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House ethics to hear of new list of transfers

Chairman of the Ethics Committee Demetris Syllouris

By Stefanos Evripidou

THE HOUSE Ethics Committee will hear on Tuesday for the first time about funds that were transferred abroad during the two-week lockdown of the banking system in March last year, committee chairman Demetris Syllouris said yesterday.

Speaking to public broadcaster CyBC, Syllouris said the new Central Bank of Cyprus (CBC) Governor, Chrystalla Georghadji, has agreed to provide the committee with a list of names of people who took money out of Cyprus between March 15 and March 27, 2013, when a supposed ban was imposed on all banking transactions while the Eurogroup decided on the form of a Cyprus bail-in.

The list of names will be given to the parliamentary committee on Tuesday.

Syllouris suggested the previous governor, Panicos Demetriades, acted improperly — and stopped short of calling him a liar — when telling the committee that there had been no data on deposit outflows during the controversial lockdown period.

The committee chairman, who is also running as an MEP candidate in the European parliament elections next month on a DISY ticket, said he wants to establish whether these outflows were legal, whether proper procedures were followed, and whether favours were given to release funds from the Cypriot banking system, when all other depositors had had their accounts frozen and many subsequently raided.

“The former governor was telling us (the list) doesn’t exist, that there is no such data… he told us there were no outflows,” said Syllouris, adding that the former governor’s statements were recorded in the minutes of the parliamentary committee meeting. The important point, he said, was that the former governor denied there were no outflows during the two Eurogroup decisions, effectively refusing to hand over the list of names to parliament.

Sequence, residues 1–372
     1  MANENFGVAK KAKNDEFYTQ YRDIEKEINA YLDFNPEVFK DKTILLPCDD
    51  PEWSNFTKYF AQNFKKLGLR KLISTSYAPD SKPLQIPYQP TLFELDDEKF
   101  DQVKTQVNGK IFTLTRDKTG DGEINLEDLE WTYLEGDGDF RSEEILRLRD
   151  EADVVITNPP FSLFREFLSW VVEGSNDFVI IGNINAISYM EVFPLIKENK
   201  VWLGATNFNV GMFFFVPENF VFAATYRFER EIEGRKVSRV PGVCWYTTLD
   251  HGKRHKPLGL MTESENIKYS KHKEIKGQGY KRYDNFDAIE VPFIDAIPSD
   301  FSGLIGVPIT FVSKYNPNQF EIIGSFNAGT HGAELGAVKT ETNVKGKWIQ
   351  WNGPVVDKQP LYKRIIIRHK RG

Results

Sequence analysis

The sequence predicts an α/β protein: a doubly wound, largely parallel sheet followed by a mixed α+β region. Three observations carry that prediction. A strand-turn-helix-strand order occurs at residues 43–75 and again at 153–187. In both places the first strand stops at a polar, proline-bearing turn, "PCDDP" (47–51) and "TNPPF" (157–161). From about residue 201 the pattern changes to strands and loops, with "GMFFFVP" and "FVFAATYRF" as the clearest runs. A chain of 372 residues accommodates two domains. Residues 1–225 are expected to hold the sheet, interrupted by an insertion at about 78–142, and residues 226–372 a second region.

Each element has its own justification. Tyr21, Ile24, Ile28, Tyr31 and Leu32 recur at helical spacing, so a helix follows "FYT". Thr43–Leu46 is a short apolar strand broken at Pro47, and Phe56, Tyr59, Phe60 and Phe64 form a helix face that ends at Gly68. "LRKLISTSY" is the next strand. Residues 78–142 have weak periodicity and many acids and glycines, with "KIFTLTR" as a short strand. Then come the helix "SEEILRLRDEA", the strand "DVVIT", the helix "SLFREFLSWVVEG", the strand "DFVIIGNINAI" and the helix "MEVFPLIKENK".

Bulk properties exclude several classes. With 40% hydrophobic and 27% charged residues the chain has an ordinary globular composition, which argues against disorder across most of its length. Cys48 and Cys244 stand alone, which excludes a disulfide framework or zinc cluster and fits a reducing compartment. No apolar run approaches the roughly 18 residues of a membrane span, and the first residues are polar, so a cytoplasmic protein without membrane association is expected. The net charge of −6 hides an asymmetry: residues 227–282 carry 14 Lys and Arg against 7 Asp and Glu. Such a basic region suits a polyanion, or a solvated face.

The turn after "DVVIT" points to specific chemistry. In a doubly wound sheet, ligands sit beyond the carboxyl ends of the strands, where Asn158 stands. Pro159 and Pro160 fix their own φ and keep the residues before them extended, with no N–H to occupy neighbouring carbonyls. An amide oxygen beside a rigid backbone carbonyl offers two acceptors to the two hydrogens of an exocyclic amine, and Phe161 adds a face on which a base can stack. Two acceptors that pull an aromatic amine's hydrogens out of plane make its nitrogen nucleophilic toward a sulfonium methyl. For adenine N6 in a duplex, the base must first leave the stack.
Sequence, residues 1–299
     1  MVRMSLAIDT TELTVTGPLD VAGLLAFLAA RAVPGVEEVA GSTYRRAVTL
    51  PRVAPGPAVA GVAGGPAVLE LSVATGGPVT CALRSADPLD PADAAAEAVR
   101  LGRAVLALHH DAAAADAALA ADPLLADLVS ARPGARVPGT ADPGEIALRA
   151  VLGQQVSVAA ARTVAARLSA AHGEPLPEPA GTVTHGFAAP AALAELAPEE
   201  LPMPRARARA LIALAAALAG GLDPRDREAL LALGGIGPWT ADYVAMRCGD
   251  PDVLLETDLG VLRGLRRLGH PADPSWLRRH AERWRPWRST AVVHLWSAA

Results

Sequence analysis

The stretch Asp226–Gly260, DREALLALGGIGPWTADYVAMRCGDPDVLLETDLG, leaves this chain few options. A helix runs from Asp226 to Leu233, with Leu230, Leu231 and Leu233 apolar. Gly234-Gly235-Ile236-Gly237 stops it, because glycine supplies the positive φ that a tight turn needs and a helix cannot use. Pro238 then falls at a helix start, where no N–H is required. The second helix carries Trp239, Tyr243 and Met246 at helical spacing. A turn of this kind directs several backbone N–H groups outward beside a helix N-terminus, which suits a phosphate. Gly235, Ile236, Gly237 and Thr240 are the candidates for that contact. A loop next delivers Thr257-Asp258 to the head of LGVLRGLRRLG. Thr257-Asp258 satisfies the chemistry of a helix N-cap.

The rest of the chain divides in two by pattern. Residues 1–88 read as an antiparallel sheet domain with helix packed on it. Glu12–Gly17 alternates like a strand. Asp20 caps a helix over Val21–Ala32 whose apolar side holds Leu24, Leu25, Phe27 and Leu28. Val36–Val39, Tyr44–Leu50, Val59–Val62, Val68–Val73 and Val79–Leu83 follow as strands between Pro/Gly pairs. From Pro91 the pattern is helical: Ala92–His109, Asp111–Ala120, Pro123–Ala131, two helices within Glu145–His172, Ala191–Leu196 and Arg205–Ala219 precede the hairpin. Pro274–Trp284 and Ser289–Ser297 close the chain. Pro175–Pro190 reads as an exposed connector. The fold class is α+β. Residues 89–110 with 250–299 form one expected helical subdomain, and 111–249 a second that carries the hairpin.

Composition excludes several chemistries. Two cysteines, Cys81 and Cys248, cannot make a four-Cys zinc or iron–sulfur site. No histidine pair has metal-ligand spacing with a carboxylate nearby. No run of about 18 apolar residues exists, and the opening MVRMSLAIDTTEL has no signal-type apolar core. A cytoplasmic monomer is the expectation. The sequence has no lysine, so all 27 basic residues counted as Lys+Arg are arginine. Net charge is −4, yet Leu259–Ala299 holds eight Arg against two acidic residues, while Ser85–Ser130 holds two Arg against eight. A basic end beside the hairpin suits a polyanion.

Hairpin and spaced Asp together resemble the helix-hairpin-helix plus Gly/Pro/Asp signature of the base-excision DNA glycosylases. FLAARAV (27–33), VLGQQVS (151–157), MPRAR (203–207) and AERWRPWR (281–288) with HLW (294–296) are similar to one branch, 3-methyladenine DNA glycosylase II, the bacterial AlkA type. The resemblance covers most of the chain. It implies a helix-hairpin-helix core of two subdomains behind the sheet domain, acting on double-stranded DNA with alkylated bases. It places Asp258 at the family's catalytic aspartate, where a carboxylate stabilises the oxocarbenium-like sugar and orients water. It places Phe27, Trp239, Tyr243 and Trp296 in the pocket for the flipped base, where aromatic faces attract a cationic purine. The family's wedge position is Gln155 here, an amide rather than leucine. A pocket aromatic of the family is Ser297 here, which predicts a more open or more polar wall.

“I believe no party will come out and say this was proper behaviour on the part of Mr Demetriades.”

The chairman highlighted that following Georghadji’s confirmation that such a list does in fact exist, the matter requires further examination. He did not clarify whether MPs would attempt to publish the names on the list once in their hands.

Should they wish to publish the list in its entirety, they may once again be accused of muddling those with legitimate reasons for transfers abroad (overseas possible hospital fees, university fees, etc.), with others who were clearly saving their money from the looming haircut on deposits the Eurogroup had first suggested on March 15.

Syllouris had previously offered to publish around 11,000 names of people and companies that transferred funds abroad in the run-up to the controversial deposit seizure last year, received low-interest loans and/or had loans written off by banks.

The ethics committee decided last week to include the names of everyone who moved money out of Cypriot banks between June 2012 and March 15, 2013 in its report into the causes of Cyprus’ economic meltdown.

However, following the reaction of banks, businesses and professionals, the island’s biggest parties, DISY and AKEL, came out against the publication of the list, arguing it would discriminate against those who committed no wrong, and hurt the island’s economy.

Other commentators argue publishing the list en masse will also bury the names of those who might have had prior access to sensitive information on the bail-in and acted upon it.

Syllouris appeared to back away from his initial pledge to reveal all, calling on the parties to come up with alternative proposals for dealing with the information collected by the committee.

The EVROKO leader said he discussed the matter with the central bank governor on Thursday in an effort to ensure full light is shed on problematic transactions.

“There are some who need to be exposed, in my opinion. Those who are not implicated on criminal grounds but ethical ones should be exposed,” he said.

Asked how the public would be able to differentiate who acted unethically, Syllouris replied that someone who never took money out of the country before would have to explain why, out of the blue, they took out €20m, for example.

Acknowledging that it was not the committee’s job to conduct criminal investigations, he said certain safety measures need to be taken.

He proposed opening the accounts abroad of politically exposed persons; seeking a ‘Lagarde list’ for Cyprus (a reference to the list given to Greece by then French finance minister Christine Lagarde of Greek nationals with sizeable overseas accounts); and a special investigation into the names that won’t be made public.

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